3. Lasciviousness: Indecency or wantonness.
  4. Idolatry: Worship of idols or anything other than God.
  5. Witchcraft: The Greek word used here is “pharmakeia,” which can mean sorcery or the use of drugs. In the ancient world, drugs were often used in pagan rituals.
  6. Hatred, variance (contentions), emulations (jealousy), wrath, strife, seditions, heresies: These terms describe various forms of discord, rivalry, and division.
  7. Envyings: Jealousy of others.
  8. Murders: Taking another’s life.
  9. Drunkenness and revellings: Excessive indulgence in alcohol and wild parties.
  • “they which do such things shall not inherit the kingdom of God”: Paul emphasizes the severe consequences of living according to the flesh. He warns the Galatians (and, by extension, all believers) that a life characterized by these sinful behaviours is incompatible with the kingdom of God.

Paul’s message here is not just about avoiding specific sins but about the larger issue of living by the Spirit’s guidance and not being led by unspiritual desires.

He continues the passage by contrasting these negative behaviours with the positive attributes of the fruit of the Spirit.


“But the fearful, and unbelieving, and the abominable, and murderers, and whoremongers, and sorcerers, and idolaters, and all liars, shall have their part in the lake which burneth with fire and brimstone: which is the second death.”

Revelation 21:8 (KJV)

Context: Revelation 21 provides a vision of the New Jerusalem, representing God’s eternal kingdom where God dwells with His people. This chapter contrasts the blessings and joy of those who are part of this kingdom with the fate of those who are excluded.

Here’s a breakdown of the passage:

  1. “But the fearful”: Refers to those who, out of fear, did not stand firm in their faith or did not trust in God.
  2. “and unbelieving”: This denotes individuals who did not place their faith in Jesus Christ and His redemptive work.
  3. “and the abominable”: Those who committed actions that are detestable and offensive to God.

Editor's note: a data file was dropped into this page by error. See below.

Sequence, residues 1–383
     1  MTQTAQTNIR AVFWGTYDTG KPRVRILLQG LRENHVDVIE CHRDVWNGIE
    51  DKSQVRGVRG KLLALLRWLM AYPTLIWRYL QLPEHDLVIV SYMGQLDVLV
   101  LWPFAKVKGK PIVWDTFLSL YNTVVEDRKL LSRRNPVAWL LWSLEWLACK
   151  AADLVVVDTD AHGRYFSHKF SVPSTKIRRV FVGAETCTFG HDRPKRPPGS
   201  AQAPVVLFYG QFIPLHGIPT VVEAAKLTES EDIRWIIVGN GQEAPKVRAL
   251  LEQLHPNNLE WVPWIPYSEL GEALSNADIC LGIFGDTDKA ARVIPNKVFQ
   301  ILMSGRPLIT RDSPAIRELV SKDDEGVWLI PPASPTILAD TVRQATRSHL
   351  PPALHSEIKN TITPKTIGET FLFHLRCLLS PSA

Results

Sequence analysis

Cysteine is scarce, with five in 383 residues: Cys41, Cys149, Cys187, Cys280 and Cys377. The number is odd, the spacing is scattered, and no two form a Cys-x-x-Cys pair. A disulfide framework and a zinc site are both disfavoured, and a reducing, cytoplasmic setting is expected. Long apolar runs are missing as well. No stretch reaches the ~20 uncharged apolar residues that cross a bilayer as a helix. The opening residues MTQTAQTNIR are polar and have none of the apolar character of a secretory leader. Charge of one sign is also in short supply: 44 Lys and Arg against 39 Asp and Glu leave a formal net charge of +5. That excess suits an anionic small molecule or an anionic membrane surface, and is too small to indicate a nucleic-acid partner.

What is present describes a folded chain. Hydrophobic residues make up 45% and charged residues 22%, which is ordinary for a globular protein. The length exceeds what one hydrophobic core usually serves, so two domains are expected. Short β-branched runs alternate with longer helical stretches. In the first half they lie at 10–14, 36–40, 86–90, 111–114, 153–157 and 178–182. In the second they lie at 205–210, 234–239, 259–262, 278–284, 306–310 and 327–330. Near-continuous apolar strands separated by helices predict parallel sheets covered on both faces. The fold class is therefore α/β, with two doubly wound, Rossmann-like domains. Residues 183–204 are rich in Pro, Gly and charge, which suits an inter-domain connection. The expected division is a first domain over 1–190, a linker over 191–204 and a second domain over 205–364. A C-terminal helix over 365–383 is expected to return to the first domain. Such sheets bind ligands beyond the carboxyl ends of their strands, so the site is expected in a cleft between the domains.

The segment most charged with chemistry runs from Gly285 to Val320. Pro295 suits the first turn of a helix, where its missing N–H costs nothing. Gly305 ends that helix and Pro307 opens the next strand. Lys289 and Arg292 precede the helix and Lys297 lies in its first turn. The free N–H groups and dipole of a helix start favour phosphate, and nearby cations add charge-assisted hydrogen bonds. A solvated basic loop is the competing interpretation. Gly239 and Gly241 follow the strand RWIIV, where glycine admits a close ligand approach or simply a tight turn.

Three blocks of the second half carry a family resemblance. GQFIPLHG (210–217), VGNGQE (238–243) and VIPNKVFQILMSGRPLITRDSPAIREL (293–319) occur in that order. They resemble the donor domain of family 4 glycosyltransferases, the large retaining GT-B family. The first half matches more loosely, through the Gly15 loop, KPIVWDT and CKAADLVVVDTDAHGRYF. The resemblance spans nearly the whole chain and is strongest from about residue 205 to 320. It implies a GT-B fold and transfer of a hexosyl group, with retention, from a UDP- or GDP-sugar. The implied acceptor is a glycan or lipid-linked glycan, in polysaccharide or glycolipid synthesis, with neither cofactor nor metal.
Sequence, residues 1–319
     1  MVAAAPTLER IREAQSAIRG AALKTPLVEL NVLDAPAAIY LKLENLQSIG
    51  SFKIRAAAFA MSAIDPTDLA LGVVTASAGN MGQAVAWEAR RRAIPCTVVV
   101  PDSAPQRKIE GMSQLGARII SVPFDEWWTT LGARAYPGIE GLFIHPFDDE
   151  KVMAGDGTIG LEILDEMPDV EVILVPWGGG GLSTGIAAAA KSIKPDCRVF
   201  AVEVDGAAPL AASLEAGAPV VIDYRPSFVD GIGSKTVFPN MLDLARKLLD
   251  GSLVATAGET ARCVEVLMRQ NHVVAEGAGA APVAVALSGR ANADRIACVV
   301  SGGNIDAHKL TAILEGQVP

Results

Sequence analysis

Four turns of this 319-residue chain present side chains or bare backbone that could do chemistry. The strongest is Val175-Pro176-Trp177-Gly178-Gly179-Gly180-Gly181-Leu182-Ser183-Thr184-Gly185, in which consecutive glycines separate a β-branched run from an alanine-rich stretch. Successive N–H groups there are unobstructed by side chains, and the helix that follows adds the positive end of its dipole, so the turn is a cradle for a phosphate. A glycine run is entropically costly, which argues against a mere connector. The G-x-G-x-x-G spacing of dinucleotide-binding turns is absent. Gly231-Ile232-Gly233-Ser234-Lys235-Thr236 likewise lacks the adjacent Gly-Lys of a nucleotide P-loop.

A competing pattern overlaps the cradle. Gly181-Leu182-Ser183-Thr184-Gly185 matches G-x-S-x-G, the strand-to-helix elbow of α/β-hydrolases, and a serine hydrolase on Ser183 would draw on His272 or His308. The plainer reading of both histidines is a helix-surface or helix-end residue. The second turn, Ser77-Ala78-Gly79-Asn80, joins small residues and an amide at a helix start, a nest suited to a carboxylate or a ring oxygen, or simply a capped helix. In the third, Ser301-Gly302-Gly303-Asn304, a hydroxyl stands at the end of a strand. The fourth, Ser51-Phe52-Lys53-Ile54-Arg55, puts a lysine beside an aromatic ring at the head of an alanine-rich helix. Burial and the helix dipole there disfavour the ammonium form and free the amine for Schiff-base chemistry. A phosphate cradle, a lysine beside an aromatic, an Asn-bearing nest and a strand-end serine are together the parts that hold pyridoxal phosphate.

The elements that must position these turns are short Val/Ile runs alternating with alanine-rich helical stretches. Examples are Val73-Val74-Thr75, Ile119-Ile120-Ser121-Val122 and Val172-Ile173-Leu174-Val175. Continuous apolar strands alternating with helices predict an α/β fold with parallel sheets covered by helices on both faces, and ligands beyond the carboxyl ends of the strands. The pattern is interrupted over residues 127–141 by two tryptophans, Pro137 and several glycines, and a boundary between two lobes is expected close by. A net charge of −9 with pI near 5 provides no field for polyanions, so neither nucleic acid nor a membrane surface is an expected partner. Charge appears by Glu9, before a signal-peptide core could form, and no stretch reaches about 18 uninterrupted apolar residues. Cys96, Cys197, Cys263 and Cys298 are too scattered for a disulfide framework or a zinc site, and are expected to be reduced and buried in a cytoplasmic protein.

4. “murderers”: Those who unlawfully take another person’s life.
  5. “whoremongers”: This term refers to those involved in sexual immorality.
  6. “sorcerers”: Refers to individuals involved in magical practices, potentially including drug use (the Greek word used here, “pharmakeus,” can refer to the use of drugs for magical or sorcerous purposes).
  7. “idolaters”: Individuals who worship false gods or anything other than the one true God.
  8. “all liars”: This encompasses everyone who speaks falsehoods or deceives.
  9. “shall have their part in the lake which burneth with fire and brimstone”: This describes the final judgment and eternal separation from God, often called Hell.
  10. “which is the second death”: The “second death” is a term used in Revelation to describe the eternal separation from God and the final judgment for the wicked, as opposed to the physical death everyone experiences.

In summary, Revelation 21:8 provides a list of sins and behaviours that result in eternal separation from God. It contrasts the glorious vision of the New Jerusalem with the sobering reality of judgment, underscoring the gravity of sin and the dire need for repentance and faith in Jesus Christ.


“For without are dogs, and sorcerers, and whoremongers, and murderers, and idolaters, and whosoever loveth and maketh a lie.”

Revelation 22:15 (KJV)
  • Context: Revelation 22 provides a closing vision of the New Jerusalem and the eternal state of the righteous. The chapter emphasizes the promise of Jesus’ return and the blessings awaiting those who obey God’s commandments. Conversely, it mentions those who are excluded from this blessed state.

Here’s a breakdown of the passage:

  1. “For without are dogs”: In biblical times, “dogs” was sometimes used in a derogatory manner to refer to those who were considered impure or morally compromised. It does not literally refer to the animal but is symbolic of a certain type of person.
  2. “sorcerers” refers to individuals who practice magic or sorcery, similar to some of the forbidden practices mentioned in the Old Testament.
  3. “whoremongers”: This term typically refers to those engaged in sexual immorality.
  4. “murderers”: Those who unlawfully take the life of another.